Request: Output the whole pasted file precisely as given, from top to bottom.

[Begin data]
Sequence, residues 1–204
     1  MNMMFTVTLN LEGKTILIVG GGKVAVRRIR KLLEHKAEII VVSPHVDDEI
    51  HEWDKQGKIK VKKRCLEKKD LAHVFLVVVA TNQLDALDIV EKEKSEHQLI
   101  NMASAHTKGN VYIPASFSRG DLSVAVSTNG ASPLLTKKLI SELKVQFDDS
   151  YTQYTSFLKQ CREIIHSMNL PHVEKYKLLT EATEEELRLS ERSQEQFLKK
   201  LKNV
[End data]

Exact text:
Sequence, residues 1–204
     1  MNMMFTVTLN LEGKTILIVG GGKVAVRRIR KLLEHKAEII VVSPHVDDEI
    51  HEWDKQGKIK VKKRCLEKKD LAHVFLVVVA TNQLDALDIV EKEKSEHQLI
   101  NMASAHTKGN VYIPASFSRG DLSVAVSTNG ASPLLTKKLI SELKVQFDDS
   151  YTQYTSFLKQ CREIIHSMNL PHVEKYKLLT EATEEELRLS ERSQEQFLKK
   201  LKNV